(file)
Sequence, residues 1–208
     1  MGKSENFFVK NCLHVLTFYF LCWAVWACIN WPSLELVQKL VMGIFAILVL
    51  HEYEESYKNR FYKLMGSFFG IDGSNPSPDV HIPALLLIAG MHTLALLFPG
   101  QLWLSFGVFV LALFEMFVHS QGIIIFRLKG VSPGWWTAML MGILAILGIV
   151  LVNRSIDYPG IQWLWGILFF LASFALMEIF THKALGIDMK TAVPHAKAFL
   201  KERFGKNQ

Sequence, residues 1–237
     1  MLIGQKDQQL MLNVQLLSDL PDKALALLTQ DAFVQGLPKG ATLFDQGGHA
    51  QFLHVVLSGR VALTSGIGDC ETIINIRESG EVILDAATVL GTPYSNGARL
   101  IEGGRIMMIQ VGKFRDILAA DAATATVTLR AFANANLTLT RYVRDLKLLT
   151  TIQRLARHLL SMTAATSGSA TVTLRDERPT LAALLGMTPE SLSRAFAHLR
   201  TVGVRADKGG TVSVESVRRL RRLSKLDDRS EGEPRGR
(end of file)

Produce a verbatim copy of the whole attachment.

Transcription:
Sequence, residues 1–208
     1  MGKSENFFVK NCLHVLTFYF LCWAVWACIN WPSLELVQKL VMGIFAILVL
    51  HEYEESYKNR FYKLMGSFFG IDGSNPSPDV HIPALLLIAG MHTLALLFPG
   101  QLWLSFGVFV LALFEMFVHS QGIIIFRLKG VSPGWWTAML MGILAILGIV
   151  LVNRSIDYPG IQWLWGILFF LASFALMEIF THKALGIDMK TAVPHAKAFL
   201  KERFGKNQ

Sequence, residues 1–237
     1  MLIGQKDQQL MLNVQLLSDL PDKALALLTQ DAFVQGLPKG ATLFDQGGHA
    51  QFLHVVLSGR VALTSGIGDC ETIINIRESG EVILDAATVL GTPYSNGARL
   101  IEGGRIMMIQ VGKFRDILAA DAATATVTLR AFANANLTLT RYVRDLKLLT
   151  TIQRLARHLL SMTAATSGSA TVTLRDERPT LAALLGMTPE SLSRAFAHLR
   201  TVGVRADKGG TVSVESVRRL RRLSKLDDRS EGEPRGR